Violence against women and girls and its most extreme expression, femicide, feminicide, or the gender-related killing of women and girls,1 dramatically bring to light the persistence of the structural challenges of gender inequality and gender-based discrimination and violence against women and girls in Latin America and the Caribbean. The deep historical and structural roots of patriarchal, discriminatory and violent cultural patterns, grounded in a culture of privilege, have proven among the most difficult to dismantle.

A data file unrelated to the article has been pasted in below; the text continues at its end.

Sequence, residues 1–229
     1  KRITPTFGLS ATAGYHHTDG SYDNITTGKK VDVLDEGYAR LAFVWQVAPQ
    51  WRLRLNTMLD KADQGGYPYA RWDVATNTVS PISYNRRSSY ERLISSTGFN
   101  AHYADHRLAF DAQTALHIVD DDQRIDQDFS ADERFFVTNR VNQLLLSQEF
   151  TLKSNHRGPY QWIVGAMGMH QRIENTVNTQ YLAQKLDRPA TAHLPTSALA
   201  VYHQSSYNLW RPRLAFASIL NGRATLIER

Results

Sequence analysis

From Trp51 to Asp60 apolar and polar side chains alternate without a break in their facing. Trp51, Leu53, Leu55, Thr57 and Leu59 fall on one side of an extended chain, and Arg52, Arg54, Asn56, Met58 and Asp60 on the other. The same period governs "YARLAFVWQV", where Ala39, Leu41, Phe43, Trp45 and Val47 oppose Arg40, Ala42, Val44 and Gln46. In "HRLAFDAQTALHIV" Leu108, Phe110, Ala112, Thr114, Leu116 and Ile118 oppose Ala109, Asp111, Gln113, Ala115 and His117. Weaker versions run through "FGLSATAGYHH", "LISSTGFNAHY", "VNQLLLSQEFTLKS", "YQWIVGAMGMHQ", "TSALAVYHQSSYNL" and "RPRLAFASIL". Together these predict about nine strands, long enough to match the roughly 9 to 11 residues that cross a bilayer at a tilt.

Gender-based violence against women and girls is systemic and persistent in the region. It knows no borders, affects women and girls of all ages and happens everywhere, from the domestic setting to public places. It happens in workplaces, within the framework of political and community participation, on public transportation and in the street, in schools and other educational institutions, in cyberspace and certainly in the home. The Secretary-General of the United Nations, António Guterres, has called it a “shadow pandemic”.